Management of mid-shaft clavicular fractures: comparison between non-operative treatment and plate fixation in 60 patients

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Original Article


Clavicle fracture is a common injury due to its subcutaneous and relatively anterior position. Fractures affecting the middle third account for majority of all clavicular fractures. Both non-operative and surgical methods have been described for the management of this injury. However, there is no uniform consensus on the definite choice of treatment. Hence, this study was undertaken to compare conservative approach with primary internal plate fixation in mid-shaft clavicular fractures in terms of subjective outcome, functional outcome, the rates of nonunion and malunion and other local complications. Patients were allocated into two groups, each including 30 patients on alternate basis. Group 1 patients were managed conservatively, consisting of a figure-of-eight bandage and a sling, whereas patients of group 2 were treated surgically by plate fixation. Follow-up examination was done at 06 weeks, 03 and 06 months using patient’s subjective evaluation, functional outcome, radiographic assessment and other complications. The study showed that time to union was significantly shorter in patients treated surgically and this group also showed a favorable Constant shoulder score at all follow-ups. Though there was no statistically significant difference between the groups with regard to complication rate, subjective outcome or functional outcome, the surgical intervention group fared better especially when considering overall outcome results. The present study showed that the time to union was lesser, rate of malunion and nonunion was lower, and Constant shoulder scores were higher in the surgical group. This affirms that while conservative treatment remains the treatment of choice for simple undisplaced mid-shaft clavicle fractures, for displaced and comminuted fractures the surgical intervention gives better outcomes and early functional recovery in young active adults.


Clavicle Fracture Mid-shaft Plating 


Clavicle fracture is one of the most common injuries around the shoulder girdle [1]. It has been reported that fractures of the clavicle account for approximately 2.6% of all fractures [2]. Incidence in males is usually highest in second and third decade which decreases thereafter as per age [3]. In females, it is usually bimodal, with peak incidence in young and elderly [4]. Allman [5] classified clavicle fractures into three groups based on their location along the bone. The middle-third fractures are most common and account for approximately 80–85% all clavicular fractures [6]. The narrow cross section of the bone in the middle shaft combined with typical muscle forces acting over it predispose to fracture the bone in this locality. Further, Robinson modified Allman classification based on the degree of displacement and comminution [3].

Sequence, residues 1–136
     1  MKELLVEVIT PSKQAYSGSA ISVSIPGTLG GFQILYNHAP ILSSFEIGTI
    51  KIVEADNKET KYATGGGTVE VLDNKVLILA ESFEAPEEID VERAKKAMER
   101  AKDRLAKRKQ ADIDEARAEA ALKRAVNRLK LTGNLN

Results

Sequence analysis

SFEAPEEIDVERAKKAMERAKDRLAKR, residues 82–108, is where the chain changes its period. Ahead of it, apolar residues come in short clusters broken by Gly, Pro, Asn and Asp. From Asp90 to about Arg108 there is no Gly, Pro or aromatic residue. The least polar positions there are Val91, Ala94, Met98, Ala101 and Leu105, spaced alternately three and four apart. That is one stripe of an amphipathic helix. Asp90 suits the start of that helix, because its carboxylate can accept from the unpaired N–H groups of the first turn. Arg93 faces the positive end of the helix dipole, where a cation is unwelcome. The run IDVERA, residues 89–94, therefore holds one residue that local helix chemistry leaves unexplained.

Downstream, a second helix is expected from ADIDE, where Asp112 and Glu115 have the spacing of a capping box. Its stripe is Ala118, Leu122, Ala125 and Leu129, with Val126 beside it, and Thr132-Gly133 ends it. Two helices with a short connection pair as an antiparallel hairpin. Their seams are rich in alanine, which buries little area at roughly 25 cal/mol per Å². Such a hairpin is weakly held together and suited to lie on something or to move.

Most mid-shaft clavicle fractures generally unite with any method of immobilization. Hence, non-operative treatment was the established and accepted modality of these fractures. This was evident by extremely low nonunion rates shown by various studies done earlier [7, 8]. However, certain recent studies have shown suboptimal outcomes and a very high nonunion rates when displaced fractures are managed conservatively [9, 10]. Other shortcomings of non-operative treatment brought out were functional impairment of the shoulder and a non-cosmetic bump at the base of the neck possibly due to shortening of the clavicle and exuberant callus formation [9]. Restoration of normal length and alignment by surgical methods can prevent these drawbacks of conservative treatment. Good outcome with high union rates and low complication rates has been reported with various surgical modalities of primary fixation of the displaced fractures [11, 12, 13, 14]. However, operative treatment has also got its own disadvantages such as surgical site infection, hypertrophic scar, hardware prominence and a repeat surgery for implant removal at times. Since mid-shaft clavicular fractures generally unite with most of the treatment modalities, clinical trials performed to compare these therapeutic options are rare. In addition, there is no uniform consensus yet on the definite choice of treatment for displaced mid-shaft clavicular fractures.

In the younger age group, apart from isolated clavicle fractures poly-traumatic injuries are also very common, and clavicular mid-shaft fracture remains a frequent entity. In such situations, the choice of treatment remains a constant dilemma for achieving maximum pre-fracture functional status. Hence, in this study we endeavored to find an evidence-based answer to select the better approach for the management of acute displaced mid-shaft clavicular fractures. The aim of this study was to compare sixty patients with mid-shaft clavicular fractures treated either by conservative approach or primary internal plate fixation in terms of functional outcome, the rate of nonunion, malunion and overall local complications up to 6 months after treatment. In addition, it was also intended to study the clinical response in terms of subjective outcome and the advantages and disadvantages of both the treatment modalities.